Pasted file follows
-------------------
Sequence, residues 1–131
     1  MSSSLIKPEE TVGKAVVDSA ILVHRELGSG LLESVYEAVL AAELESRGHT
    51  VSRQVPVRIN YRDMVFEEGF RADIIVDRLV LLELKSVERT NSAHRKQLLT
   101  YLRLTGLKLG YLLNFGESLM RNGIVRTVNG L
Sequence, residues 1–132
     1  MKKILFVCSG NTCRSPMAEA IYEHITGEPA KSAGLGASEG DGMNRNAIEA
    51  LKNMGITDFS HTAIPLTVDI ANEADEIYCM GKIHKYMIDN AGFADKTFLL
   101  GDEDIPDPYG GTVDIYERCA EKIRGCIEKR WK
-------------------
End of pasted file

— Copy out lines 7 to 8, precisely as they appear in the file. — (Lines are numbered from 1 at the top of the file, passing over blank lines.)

    51  LKNMGITDFS HTAIPLTVDI ANEADEIYCM GKIHKYMIDN AGFADKTFLL
   101  GDEDIPDPYG GTVDIYERCA EKIRGCIEKR WK